Those growth rates are stable, but they probably won’t turn Oracle into the next Microsoft. From fiscal 2013 to fiscal 2023 (which ended last June), Microsoft grew its revenue at a CAGR of 11% as its EPS rose at a CAGR of 14%. From fiscal 2023 to fiscal 2026, analysts expect its revenue and EPS to increase at a CAGR of 15% and 17%, respectively, as it continues to expand its cloud and AI ecosystems.

Assuming Oracle matches analysts’ expectations for the next three years, continues to grow its EPS at a CAGR of 20% from fiscal 2026 to fiscal 2033, and trades at 20 times earnings, its stock could more than triple to $400 a share and lift its market cap to about $1.1 trillion. That would be an impressive 10-year gain, but it wouldn’t match Microsoft’s massive rally over the past decade. It would also still be a lot smaller than today’s Microsoft.

So instead of wondering if Oracle will shake off its reputation as a dusty old tech stock and become the next Microsoft, investors should focus on its core strengths: it’s successfully expanding its own cloud and AI businesses in the shadow of its larger competitors, it’s returning plenty of cash to its shareholders, and its stock is still reasonably valued.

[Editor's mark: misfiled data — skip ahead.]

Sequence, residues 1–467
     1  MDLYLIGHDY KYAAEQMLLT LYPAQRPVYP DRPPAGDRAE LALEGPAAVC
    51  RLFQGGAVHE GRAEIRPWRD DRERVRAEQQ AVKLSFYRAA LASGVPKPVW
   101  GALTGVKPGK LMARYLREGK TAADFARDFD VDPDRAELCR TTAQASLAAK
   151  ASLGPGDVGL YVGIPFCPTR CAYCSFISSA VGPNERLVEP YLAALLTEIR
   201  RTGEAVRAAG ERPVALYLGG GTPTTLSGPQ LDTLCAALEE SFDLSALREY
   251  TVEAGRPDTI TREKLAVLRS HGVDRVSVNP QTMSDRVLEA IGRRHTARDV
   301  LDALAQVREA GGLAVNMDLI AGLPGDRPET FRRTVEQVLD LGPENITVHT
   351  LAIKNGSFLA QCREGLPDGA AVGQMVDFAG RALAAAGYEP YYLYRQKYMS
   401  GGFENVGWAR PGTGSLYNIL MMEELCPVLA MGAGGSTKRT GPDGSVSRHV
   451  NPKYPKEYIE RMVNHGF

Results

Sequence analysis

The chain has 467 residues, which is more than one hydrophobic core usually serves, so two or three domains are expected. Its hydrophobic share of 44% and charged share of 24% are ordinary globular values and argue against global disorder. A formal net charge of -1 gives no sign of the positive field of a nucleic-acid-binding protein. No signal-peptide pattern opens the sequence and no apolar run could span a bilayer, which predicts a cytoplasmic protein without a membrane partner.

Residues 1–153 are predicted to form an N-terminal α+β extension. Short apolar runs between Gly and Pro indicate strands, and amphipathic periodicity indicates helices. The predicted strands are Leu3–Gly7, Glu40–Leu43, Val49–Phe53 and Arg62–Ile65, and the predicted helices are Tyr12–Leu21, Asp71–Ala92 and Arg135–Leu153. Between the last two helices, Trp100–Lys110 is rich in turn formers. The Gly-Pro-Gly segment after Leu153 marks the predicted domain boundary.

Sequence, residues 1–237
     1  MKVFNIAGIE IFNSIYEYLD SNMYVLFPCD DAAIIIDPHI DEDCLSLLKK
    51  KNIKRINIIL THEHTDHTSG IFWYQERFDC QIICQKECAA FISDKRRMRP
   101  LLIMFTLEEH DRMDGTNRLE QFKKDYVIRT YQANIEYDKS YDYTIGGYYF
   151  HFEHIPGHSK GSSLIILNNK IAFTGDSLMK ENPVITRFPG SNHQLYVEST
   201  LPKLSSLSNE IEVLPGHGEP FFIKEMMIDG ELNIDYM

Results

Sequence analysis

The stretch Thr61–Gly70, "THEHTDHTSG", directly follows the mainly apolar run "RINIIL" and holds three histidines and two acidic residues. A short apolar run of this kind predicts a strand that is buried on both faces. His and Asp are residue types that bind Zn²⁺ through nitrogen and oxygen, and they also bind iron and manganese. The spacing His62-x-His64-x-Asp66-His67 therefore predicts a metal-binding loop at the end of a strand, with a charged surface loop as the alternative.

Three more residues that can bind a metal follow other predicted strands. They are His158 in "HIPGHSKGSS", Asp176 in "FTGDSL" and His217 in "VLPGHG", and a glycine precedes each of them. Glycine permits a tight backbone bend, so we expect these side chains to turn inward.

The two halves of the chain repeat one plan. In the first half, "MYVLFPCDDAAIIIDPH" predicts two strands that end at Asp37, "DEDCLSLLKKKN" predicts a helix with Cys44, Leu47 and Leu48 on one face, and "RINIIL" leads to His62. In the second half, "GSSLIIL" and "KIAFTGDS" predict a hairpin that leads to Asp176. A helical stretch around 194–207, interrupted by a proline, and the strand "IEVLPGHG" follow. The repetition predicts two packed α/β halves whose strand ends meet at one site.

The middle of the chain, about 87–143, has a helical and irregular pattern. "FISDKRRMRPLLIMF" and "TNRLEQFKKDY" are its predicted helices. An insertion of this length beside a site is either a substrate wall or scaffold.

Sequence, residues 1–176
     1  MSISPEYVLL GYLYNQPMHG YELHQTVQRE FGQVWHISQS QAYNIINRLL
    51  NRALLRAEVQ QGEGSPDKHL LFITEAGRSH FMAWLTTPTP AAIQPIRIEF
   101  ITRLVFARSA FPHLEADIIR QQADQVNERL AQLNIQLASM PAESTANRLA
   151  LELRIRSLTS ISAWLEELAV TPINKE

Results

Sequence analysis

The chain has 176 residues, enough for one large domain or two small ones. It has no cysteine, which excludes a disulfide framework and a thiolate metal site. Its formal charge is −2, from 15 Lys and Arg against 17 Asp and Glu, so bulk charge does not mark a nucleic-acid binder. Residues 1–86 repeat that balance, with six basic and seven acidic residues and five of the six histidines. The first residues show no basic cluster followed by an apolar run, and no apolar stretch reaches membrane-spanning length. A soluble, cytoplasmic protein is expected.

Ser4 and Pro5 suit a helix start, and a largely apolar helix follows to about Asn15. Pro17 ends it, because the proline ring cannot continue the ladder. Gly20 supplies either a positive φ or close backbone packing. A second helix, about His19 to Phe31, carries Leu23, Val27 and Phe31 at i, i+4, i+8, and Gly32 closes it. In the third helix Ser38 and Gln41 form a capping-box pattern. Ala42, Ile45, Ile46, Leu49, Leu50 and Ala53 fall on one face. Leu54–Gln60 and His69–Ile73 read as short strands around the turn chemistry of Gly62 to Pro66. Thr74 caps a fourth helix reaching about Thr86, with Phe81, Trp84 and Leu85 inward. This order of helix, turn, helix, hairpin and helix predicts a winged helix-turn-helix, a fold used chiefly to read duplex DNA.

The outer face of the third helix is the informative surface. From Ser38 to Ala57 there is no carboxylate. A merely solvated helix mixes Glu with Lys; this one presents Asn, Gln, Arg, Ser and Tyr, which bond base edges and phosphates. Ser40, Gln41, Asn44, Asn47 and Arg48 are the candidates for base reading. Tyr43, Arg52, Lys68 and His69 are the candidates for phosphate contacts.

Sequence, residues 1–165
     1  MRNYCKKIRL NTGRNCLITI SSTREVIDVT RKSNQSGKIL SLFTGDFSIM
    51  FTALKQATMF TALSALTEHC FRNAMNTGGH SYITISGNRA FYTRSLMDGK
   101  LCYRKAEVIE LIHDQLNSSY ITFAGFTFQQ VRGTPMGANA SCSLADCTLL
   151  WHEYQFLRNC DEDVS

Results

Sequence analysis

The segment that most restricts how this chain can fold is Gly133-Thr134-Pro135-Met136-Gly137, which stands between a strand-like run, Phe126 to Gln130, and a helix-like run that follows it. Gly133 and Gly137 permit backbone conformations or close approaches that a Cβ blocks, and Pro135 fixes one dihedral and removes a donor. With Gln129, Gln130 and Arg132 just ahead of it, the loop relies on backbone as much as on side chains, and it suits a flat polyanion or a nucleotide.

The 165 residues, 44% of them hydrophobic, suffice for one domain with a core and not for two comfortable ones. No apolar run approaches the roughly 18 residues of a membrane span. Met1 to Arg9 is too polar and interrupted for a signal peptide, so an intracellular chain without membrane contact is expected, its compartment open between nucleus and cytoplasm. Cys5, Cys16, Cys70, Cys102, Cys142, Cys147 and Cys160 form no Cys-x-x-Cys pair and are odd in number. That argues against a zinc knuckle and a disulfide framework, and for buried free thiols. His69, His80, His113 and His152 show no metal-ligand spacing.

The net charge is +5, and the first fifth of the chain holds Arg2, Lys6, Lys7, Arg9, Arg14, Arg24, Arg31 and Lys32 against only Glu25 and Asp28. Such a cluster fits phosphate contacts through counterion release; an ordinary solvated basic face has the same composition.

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John Mackey, former CEO of Whole Foods Market, an Amazon subsidiary, is a member of The Motley Fool’s board of directors. Suzanne Frey, an executive at Alphabet, is a member of The Motley Fool’s board of directors. Leo Sun has positions in Amazon. The Motley Fool has positions in and recommends Alphabet, Amazon, Microsoft, Nvidia, Oracle, and Salesforce. The Motley Fool recommends the following options: long January 2026 $395 calls on Microsoft and short January 2026 $405 calls on Microsoft. The Motley Fool has a disclosure policy.

Could Oracle Become the Next Microsoft? was originally published by The Motley Fool